Institute Of Chartered Accountants Of Ontario

Institute Of Chartered Accountants Of Ontario

September 18, 2007 12:28 ET

CAs Put Legal Liability Reform "On the Radar" at Financial Services Debate

A serious issue, candidates say

TORONTO, ONTARIO--(Marketwire - Sept. 18, 2007) - Candidates from all three major Ontario parties agreed that legal liability reform is a topic that needs to be examined when the issue was raised at today's All Candidates Debate on financial services. Sponsored by the Toronto Financial Services Alliance (TFSA), the debate allowed each party to present its views on issues of pressing concern to the financial services sector.

"Legal liability reform is a huge question and one that calls for dialogue," said the Hon. Greg Sorbara, Minister of Finance and Liberal MPP for Vaughan-King-Aurora. "That dialogue will be based on balancing the competing interests of consumers and business interests."

Ontario's outdated liability regime threatens the province's competitive edge because of the higher risks involved in doing essential audit and assurance work here. Today, under the current joint and several liability system, even if an auditor is judged to be only one per cent responsible for a financial loss owing to error, the auditor can be made to pay the full 100 per cent share of damages.

"This is a important question and one that needs to be looked at," said Rick Byers, the Progressive Conservative candidate for Oakville. "It is not only important for accounting firms but for the businesses that need the confidence that they'll be able to get their needs serviced. Competing jurisdictions are looking at this issue and, of course, we'll work with the industry on this issue."

"The issue of the need for legal liability reform is one that affects not just the accounting profession," said Julian Heller, a lawyer running for the New Democratic Party in St. Paul's. He noted other professions also face litigation risks tied to legal liability.

The impact of the current state of auditor liability in Ontario has meant:

- It is harder for Ontario-based audit firms to attract and retain the top talent needed to keep the province competitive

- Firms both large and small are being driven out of the audit and assurance services market because of skyrocketing insurance costs and exposure to disproportionate liability

- Access to vital audit and assurance services for enterprises of all sizes is becoming more expensive or unavailable and, as a result

- Companies are being deprived of the investment capital they need to grow, compete and create jobs

The last point is critical to Ontario's overall competitiveness: When auditors cannot sign off on a company's financial statements or business deals, the impact takes the form of competitive opportunities missed, lost investment, jobs not created and, in some cases, business failure.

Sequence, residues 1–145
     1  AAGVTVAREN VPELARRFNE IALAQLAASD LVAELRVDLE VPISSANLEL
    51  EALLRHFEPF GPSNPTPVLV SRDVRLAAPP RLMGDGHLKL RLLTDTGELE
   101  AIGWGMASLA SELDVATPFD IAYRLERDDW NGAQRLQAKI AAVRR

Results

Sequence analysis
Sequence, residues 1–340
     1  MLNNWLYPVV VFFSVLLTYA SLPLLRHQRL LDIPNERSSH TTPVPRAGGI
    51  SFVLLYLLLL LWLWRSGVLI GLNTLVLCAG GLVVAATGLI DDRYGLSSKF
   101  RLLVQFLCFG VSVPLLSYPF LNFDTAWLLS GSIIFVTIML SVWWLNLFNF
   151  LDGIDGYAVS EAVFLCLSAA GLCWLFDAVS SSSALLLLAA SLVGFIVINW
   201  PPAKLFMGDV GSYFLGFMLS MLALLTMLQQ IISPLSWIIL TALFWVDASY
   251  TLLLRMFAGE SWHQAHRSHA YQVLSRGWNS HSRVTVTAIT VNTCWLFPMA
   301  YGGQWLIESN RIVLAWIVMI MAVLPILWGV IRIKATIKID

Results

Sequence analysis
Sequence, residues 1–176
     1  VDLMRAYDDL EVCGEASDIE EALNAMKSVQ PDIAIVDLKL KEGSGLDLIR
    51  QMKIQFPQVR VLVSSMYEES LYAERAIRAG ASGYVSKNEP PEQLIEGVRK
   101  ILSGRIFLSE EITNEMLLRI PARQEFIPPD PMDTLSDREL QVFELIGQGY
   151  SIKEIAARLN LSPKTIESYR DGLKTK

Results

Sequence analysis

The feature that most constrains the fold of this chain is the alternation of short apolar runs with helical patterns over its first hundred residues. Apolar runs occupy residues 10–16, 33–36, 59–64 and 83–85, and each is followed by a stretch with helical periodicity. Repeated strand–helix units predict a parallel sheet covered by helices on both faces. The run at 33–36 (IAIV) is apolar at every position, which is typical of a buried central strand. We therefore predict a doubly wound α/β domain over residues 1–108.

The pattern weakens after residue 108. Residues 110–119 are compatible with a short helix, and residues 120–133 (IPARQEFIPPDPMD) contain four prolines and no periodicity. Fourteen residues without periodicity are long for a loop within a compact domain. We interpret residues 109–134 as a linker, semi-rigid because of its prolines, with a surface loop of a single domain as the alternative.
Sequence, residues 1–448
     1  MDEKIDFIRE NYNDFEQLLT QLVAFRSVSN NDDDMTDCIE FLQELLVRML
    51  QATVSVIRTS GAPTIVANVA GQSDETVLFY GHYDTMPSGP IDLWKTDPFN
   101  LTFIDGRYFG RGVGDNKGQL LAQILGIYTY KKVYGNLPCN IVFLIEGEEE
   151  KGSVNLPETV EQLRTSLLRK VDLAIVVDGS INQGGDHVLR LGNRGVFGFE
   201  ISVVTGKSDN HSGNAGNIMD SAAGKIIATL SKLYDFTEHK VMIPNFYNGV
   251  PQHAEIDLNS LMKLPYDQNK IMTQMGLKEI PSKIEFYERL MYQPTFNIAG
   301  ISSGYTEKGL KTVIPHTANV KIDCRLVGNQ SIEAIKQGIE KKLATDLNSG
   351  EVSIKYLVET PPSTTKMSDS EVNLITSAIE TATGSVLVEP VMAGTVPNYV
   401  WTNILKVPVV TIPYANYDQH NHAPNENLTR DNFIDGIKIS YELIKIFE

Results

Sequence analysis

While Ontario has delayed examining the impact of its out-of-date legal environment, sound policy changes have already been made in many U.S. states, with progress also rapidly being made in the United Kingdom, European Union and Australia. Many are considering or have adopted proportionate liability, where responsibility for a financial loss is apportioned according to the extent of an individual party's responsibility for that loss. The Province of Ontario must now make the strategic policy changes needed to remain competitive with the global leaders in liability reform.

"We thank the Toronto Financial Services Alliance for organizing this very important debate and for enabling us to highlight this crucial competitive issue that is affecting the business community in our province," said Peter Varley, Vice-President Public Affairs with the Institute of Chartered Accountants of Ontario. "Auditors expect to be held responsible for their work, but can no longer afford to be the de facto insurers of Ontario's capital markets. We look forward to working with the Government of Ontario on the issue of legal liability reform after the upcoming election."

The Institute website is: and information on this issue can be found by clicking on "Legal Liability Reform."

About the Institute of Chartered Accountants of Ontario:

The Institute of Chartered Accountants of Ontario is the qualifying and regulatory body of Ontario's more than 32,000 CAs and 4,000 CA students. Since 1879, the Institute has protected the public interest through the CA profession's high standards of qualification and the enforcement of its rules of professional conduct. Recognized internationally, the CA designation denotes financial expertise, strategic thinking, business insight and leadership.

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